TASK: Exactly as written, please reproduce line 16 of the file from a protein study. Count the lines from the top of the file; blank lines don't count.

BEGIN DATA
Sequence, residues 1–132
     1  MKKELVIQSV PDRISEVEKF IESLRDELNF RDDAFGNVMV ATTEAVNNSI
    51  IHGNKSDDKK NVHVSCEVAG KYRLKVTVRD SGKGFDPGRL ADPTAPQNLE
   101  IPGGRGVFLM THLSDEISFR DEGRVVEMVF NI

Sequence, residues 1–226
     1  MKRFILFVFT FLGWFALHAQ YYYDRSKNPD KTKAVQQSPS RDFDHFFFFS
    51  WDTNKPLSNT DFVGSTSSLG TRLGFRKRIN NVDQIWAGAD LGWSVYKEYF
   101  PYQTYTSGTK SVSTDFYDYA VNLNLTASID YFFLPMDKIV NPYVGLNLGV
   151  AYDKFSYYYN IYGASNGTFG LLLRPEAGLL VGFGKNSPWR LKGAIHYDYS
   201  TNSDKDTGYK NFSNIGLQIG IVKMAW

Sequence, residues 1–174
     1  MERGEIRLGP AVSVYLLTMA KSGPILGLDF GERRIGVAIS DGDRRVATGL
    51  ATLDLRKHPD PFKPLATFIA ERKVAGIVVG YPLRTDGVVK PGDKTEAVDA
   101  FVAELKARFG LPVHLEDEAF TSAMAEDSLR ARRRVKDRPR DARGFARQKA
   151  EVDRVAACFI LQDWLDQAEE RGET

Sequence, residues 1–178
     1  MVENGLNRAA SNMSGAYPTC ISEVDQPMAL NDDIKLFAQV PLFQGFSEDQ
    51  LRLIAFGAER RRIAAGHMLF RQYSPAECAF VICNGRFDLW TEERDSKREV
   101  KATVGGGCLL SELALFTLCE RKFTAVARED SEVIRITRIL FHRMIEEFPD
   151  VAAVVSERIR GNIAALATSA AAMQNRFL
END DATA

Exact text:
Sequence, residues 1–178